One of Arbor Woods’ first major projects, completed in 2017, was the $79 million Bell Museum on the University of Minnesota St. Paul campus. The project called for wood harvested within 250 miles of the building site for some exterior finishes. Ultimately, Arbor Wood supplied about 21,000 board feet of white pine from the Cass Lake area to cover nearly 40% of the building. Other projects followed, including at Epicurean’s new corporate headquarters in Superior, at Brooklyn Bridge Park in New York, at the National Air & Space Museum in Washington, D.C., and on high-end homes throughout North America.

Despite the benefits, the wood has been not widely used yet, in part because there are few suppliers undertaking the complex modification process. 

“The general availability is low for this product,” Aro said. “It is a niche product, with demand being driven by architects and designers on higher end building projects, but it isn’t readily available to the general consumer.”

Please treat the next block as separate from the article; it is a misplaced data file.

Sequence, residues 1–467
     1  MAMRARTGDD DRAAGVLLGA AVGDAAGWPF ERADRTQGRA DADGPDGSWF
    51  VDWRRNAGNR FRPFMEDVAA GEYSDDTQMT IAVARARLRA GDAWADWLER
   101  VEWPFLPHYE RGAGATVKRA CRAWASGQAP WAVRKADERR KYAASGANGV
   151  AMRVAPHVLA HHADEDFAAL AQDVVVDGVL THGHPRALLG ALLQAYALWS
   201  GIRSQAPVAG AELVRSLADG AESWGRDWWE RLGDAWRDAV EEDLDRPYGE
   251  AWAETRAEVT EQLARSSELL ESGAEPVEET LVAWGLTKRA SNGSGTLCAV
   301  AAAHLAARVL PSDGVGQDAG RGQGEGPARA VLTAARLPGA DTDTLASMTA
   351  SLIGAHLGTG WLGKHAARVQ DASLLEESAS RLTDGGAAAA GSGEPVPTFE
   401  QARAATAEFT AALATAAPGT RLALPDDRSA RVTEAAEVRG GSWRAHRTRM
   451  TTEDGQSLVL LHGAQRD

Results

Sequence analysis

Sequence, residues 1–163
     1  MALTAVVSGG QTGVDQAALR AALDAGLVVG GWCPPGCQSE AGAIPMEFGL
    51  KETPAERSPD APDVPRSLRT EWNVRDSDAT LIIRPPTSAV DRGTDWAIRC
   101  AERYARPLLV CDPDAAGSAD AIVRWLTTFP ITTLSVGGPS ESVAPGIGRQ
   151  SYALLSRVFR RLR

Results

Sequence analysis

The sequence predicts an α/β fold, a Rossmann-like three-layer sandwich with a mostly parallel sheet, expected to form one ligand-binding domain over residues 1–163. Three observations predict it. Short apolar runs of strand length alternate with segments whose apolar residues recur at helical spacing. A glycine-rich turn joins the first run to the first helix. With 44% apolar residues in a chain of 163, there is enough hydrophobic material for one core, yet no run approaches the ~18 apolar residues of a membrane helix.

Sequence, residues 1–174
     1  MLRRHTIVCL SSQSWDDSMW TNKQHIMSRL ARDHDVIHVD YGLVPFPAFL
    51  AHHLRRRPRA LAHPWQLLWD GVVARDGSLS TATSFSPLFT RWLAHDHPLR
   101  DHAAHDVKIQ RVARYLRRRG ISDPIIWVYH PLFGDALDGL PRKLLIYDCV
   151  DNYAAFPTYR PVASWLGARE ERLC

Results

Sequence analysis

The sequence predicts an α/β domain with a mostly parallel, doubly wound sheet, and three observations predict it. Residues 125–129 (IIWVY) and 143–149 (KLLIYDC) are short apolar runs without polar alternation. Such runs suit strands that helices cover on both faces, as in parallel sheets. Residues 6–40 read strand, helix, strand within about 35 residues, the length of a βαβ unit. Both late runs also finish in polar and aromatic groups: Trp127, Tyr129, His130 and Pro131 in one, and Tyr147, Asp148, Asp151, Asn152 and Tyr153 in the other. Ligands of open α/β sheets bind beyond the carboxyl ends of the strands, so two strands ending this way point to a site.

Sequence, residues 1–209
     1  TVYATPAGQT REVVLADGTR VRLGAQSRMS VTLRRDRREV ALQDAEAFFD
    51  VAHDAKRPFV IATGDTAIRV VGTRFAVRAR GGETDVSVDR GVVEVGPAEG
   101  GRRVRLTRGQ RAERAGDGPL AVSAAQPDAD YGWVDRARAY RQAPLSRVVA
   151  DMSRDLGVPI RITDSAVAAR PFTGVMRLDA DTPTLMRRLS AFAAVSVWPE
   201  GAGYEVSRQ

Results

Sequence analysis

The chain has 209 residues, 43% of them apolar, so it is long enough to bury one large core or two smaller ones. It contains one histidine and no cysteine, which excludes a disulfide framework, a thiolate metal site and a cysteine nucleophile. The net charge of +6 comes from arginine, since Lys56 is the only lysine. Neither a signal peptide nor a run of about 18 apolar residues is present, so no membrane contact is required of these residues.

With few outlets, thermally modified wood projects also lack a national association with a mission to promote it. Instead, individual players like Arbor Wood Co., work to market the product, educate consumers about its, and to be heard in a crowded building-supplies marketplace.

Lastly, as a newer niche product in the United States, national performance standards or quality rankings about products have yet to be established. Though individual companies warranty their products, having a governing body and regulations for a product can improve confidence of consumers, such as contractors, Aro and Heyesen agreed.